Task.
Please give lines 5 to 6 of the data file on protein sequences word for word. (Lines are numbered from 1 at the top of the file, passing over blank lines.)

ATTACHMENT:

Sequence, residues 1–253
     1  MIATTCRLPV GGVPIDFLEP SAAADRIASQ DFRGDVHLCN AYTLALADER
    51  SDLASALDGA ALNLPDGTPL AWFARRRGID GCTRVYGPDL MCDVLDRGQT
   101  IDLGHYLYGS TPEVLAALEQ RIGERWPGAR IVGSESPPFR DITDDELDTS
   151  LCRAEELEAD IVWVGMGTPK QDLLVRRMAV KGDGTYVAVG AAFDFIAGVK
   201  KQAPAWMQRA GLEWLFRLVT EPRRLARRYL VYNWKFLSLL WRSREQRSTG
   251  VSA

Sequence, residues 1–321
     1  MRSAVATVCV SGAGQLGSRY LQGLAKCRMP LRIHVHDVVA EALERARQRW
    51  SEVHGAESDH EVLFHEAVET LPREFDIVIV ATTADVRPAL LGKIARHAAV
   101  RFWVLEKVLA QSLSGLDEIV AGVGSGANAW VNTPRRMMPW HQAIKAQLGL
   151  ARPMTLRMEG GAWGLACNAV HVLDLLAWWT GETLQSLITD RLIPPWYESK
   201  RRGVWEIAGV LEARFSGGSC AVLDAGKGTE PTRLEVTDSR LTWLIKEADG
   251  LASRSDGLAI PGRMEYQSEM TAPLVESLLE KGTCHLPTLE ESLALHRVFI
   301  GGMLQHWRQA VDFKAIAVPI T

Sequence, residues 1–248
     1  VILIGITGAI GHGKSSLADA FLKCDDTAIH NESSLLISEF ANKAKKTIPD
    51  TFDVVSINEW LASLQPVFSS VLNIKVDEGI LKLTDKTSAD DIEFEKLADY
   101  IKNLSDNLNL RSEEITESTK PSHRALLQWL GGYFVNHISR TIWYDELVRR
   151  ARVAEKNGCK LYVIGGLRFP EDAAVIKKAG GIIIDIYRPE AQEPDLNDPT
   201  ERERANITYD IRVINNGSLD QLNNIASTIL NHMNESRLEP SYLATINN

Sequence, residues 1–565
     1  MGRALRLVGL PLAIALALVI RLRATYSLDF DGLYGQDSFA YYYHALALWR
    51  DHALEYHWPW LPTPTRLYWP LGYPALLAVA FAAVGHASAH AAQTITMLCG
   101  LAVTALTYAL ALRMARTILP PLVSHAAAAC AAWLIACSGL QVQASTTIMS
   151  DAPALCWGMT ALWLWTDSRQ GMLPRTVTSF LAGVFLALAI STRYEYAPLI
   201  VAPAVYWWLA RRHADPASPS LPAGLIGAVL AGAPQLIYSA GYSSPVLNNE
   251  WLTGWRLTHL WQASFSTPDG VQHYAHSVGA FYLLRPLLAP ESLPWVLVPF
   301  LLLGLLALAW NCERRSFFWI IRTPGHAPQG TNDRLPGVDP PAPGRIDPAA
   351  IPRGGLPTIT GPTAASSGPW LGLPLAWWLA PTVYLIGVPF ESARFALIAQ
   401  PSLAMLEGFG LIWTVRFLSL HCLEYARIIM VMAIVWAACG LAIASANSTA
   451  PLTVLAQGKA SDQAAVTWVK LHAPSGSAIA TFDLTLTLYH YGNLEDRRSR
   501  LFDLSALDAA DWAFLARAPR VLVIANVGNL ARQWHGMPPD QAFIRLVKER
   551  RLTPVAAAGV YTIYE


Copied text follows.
   151  LCRAEELEAD IVWVGMGTPK QDLLVRRMAV KGDGTYVAVG AAFDFIAGVK
   201  KQAPAWMQRA GLEWLFRLVT EPRRLARRYL VYNWKFLSLL WRSREQRSTG